Managing Redundancy ...
... a step forward to a brighter future
In a climate of organisational change - the result of new technology, business mergers and divestments - more and more companies are seeking to shed jobs
Result - an increasing number of people are facing redundancy and the increasingly challenging and complex jobsearch process
For those people directly affected by redundancy it is important not to take it personally; remember, it's the job that's redundant - not the person
Despite this fact, there's no doubt that redundancy can be hugely traumatic. People often feel rejected, demoralized, anxious and stressed. On top of this they have to adjust not only to a loss of income but separation from work, colleagues and friends - a situation that can compound feelings of failure and fear for the future. So what can people do to improve their situation?
Here are a few steps forward
Step 1: Begin planning your future
Re-evaluate your skills and identify your strengths. You might be surprised just how many transferable skills you have that would suit different careers
However, if you identify a gap between the jobs on offer and your skills then consider retraining. Most colleges and universities offer learner-friendly, full and part-time programmes of study across a diverse range of subjects
Consider a change of career. What have you liked or disliked in your day to day working life? Which working environments attract you the most? Do you have a preference for a certain market sector?
Seek professional career advice - keep an open mind - you might be surprised just how many choices there are available to you in less volatile industries
Step 2: Get networking - get job hunting
Keep in touch with former colleagues and business contacts - the grapevine is still one of the most common means to access the unadvertised job market.
Friends and family, social clubs and voluntary organisations can often lead to interesting job opportunities. You might be pleasantly surprised at just how effective networking can be
Other job seeking routes include trade journals, professional associations, local and national media - plus the tens of thousands of jobs advertised on-line by employers and recruitment agencies
Step 3: Market yourself strategically
Unless you are an expert copywriter, unless you can write objectively, nless you have a good knowledge of the skills needed in today's job market - it might not be wise to write your own resume.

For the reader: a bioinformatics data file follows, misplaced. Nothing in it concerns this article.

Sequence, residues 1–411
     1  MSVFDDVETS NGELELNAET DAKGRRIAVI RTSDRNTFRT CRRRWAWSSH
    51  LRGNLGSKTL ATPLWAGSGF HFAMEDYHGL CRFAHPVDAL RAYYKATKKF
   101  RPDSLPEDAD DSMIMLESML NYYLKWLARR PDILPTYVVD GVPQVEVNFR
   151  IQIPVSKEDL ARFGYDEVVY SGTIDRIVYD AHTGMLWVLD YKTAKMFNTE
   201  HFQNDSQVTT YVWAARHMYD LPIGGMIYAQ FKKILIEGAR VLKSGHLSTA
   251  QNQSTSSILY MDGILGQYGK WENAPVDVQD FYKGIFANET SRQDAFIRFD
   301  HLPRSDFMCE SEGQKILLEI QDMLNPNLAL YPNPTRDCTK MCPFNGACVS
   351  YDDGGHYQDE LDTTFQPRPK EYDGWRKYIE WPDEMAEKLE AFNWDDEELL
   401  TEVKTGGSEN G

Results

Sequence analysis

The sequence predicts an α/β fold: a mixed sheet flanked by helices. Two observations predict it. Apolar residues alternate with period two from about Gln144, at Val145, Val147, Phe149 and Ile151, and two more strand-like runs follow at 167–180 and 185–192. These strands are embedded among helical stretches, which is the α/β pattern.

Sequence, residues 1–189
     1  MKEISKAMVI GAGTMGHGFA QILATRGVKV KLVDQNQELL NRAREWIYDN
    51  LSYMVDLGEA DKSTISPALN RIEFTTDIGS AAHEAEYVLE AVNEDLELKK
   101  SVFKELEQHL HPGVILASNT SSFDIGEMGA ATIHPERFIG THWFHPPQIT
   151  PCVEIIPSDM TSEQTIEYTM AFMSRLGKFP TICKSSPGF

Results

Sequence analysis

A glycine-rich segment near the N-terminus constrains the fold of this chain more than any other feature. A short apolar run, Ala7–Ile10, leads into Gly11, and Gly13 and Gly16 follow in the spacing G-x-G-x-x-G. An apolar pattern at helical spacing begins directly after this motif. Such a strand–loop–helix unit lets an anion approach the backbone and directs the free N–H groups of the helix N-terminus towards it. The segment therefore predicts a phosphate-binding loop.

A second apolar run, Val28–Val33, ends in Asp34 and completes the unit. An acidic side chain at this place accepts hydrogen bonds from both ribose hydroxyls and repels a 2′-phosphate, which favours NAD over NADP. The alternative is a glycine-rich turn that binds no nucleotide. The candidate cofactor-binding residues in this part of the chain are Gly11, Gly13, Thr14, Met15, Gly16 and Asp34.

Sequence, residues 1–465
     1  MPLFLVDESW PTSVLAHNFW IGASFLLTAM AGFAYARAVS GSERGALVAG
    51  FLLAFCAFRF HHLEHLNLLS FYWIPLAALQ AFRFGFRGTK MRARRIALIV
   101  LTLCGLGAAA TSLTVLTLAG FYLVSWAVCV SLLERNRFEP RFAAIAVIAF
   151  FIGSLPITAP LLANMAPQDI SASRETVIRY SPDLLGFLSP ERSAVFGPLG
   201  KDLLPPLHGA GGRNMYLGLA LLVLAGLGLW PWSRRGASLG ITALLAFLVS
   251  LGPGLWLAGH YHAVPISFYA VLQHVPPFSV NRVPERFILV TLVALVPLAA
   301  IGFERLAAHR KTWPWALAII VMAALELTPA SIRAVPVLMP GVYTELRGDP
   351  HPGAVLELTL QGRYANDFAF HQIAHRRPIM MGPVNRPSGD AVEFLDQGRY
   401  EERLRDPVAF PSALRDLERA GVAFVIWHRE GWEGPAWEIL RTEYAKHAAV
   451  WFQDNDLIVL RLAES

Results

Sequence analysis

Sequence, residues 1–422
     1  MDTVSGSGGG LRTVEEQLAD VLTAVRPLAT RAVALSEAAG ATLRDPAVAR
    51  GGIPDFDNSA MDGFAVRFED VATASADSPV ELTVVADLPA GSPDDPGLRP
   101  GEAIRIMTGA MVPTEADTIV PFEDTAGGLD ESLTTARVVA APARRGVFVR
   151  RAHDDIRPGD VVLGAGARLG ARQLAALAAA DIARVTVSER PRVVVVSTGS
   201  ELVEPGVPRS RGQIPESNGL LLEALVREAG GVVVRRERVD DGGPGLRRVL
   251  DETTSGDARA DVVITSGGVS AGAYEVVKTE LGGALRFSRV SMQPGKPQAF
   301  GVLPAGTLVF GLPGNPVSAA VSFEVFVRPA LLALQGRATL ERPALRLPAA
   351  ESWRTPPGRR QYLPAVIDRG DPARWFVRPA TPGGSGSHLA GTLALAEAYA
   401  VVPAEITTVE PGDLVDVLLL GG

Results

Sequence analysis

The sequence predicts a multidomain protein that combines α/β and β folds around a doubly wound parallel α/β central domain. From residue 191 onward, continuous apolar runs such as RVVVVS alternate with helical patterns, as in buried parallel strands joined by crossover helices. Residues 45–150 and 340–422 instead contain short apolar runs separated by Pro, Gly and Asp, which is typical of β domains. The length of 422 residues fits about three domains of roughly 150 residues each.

This is definitely the time invest in your career and enlist the help of a professional Resume writer.
An enormous number of home-produced resumes create a dreadful first impression, win just a cursory glance and end up in the recruiter's bin
On the other hand, an expertly compiled and distinctively presented resume can set you apart from thousands of other candidates
A professional resume writer will capture the full scope of your skills, experience and achievements - explicitly, succinctly and factually. If you target your resume at companies and vacancies that are looking for people with your skills and capabilities then you will increase your success rate
Step 4: Be patient - don't expect miracles overnight
The more jobs you apply for, the greater the likelihood of being invited for interview. However, be prepared for it to take some time
In the interim period, keep yourself busy. Consider doing charity or voluntary work as this is excellent for self-esteem and can be an excellent opportunity to experience different work settings and learn new skills - which can enhance your resume
Step 5: Persevere, be persistent and keep positive
Finally, if you follow these few simple steps and maintain an enthusiastic, determined approach to your job search - you should find yourself well on the way to achieving your goals ... a more fulfilling and rewarding career - and a much brighter future
An article by Helga A Edge MBA